Nicola Sturgeon is safely back home after her visit to the USA at the start of the week.
The First Minister seems to have had a nice enough time meeting Capitol leaders and think-tank boffins. Perhaps the benefit will come from any reforming ideas which that have planted in her ear.
However, without any obvious trade deal or economic benefit accruing from the visit, it rather looks like the Stateside trip will be marked down as another item in the Scottish Government’s news grid that is forgotten about within a week or so of it happening.
I’d like to suggest that, for her next foreign visit, the First Minister does something a little more long-lasting.
Scotland needs more people. As Aveek Bhattacharya wrote on these pages a few weeks back, Scotland’s fertility rate is among the lowest in Europe.
The consequence is that we are moving towards a Japanese style crisis with too few workers funding too many elderly people.
Increasing the number of children born per woman is a long-term task, as Aveek noted. A quick fix is to increase immigration.
The good news is that the number of workers and students coming to live and work in the UK is now at record levels: almost one million visas were issued in 2021, the highest figure ever.
As the Financial Times has reported, this is an ironic side-effect of Brexit. Now that people feel they have “control”, they are far more relaxed about the number of immigrants coming in.
And we are now welcoming into the UK far more immigrants from non-EU nations.
Last week, figures showed that nearly half of the new nurses and midwives registered to work in the UK in the past year have come from abroad – and almost all of them from outside Europe.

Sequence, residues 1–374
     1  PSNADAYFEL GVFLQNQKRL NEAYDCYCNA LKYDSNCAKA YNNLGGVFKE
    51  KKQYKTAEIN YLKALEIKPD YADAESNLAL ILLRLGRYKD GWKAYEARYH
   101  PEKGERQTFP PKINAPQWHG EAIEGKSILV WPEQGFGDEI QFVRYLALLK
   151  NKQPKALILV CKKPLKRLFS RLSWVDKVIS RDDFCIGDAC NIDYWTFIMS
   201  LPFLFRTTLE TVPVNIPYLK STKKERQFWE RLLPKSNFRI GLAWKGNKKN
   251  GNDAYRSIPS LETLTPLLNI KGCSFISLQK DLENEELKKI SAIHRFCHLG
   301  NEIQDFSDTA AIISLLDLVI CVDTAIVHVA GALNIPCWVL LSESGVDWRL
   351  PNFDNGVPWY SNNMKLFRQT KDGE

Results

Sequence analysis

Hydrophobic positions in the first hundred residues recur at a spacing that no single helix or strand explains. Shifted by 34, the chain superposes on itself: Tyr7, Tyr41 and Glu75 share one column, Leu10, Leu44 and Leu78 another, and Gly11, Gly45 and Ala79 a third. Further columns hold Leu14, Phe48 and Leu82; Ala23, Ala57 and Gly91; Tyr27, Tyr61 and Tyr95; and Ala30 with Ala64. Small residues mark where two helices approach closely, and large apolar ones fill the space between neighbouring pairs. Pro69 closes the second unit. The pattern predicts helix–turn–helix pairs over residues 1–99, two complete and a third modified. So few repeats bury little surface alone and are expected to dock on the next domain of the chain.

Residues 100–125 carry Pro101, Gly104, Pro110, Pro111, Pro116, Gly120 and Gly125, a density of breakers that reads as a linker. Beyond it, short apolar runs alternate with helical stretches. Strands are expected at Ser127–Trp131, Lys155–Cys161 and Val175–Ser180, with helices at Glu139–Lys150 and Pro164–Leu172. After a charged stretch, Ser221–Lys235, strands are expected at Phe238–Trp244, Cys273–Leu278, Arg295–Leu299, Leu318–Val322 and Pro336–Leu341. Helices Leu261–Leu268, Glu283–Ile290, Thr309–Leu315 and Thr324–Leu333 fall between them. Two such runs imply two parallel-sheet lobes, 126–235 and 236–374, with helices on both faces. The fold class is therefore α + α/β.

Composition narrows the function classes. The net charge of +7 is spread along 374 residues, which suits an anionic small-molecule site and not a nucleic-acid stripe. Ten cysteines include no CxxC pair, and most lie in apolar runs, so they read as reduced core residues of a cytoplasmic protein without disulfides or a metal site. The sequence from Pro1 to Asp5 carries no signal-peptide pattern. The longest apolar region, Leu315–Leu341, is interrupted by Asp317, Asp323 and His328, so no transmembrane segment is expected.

The blunt truth is that Scotland isn’t getting enough of them. As Ross Newton showed recently, the inflows of people coming into Scotland is just less than a third of the rate of the UK as a whole.
This needs correcting and Nicola Sturgeon is just the person to do it.
The First Minister has said time and again that Scotland is an open, welcoming nation that wants people from other countries to come and settle here.
So, rather than head to Washington think-tanks, she should instead head east instead.
Firstly, she should go to Hong Kong. China has restricted the rights and freedoms of its residents. Rightly, the UK Government responded by offering a pathway to its citizens to come and live here. The First Minister could use a visit to make the case that, rather that settling in over-priced London, they should make their home further north.
Then, on the way back she should visit India and Pakistan. The UK and India last year signed a new agreement which gives 18-30 year olds a faster route to come and live in the UK for up to 2 years. More than 50,000 students from India come to the UK to study every year – or a quarter of all international students.
Similarly, in Pakistan, the new UK points-based immigration system, introduced since Brexit, has led to a steep rise in the number of visas being granted: more than 50,000 in the first half of 2021 alone.
In both cases, the Scottish Government should be busting a gut so that those who wish to come and work or study in the UK, choose to do so north of the border.
A visit to Washington may provide a few good ideas. A visit to Asia may help drive Scotland’s economic recovery post lockdown by bringing more people into the country. Scotland is ready to welcome them: let’s see the Scottish Government go out and ask them to come.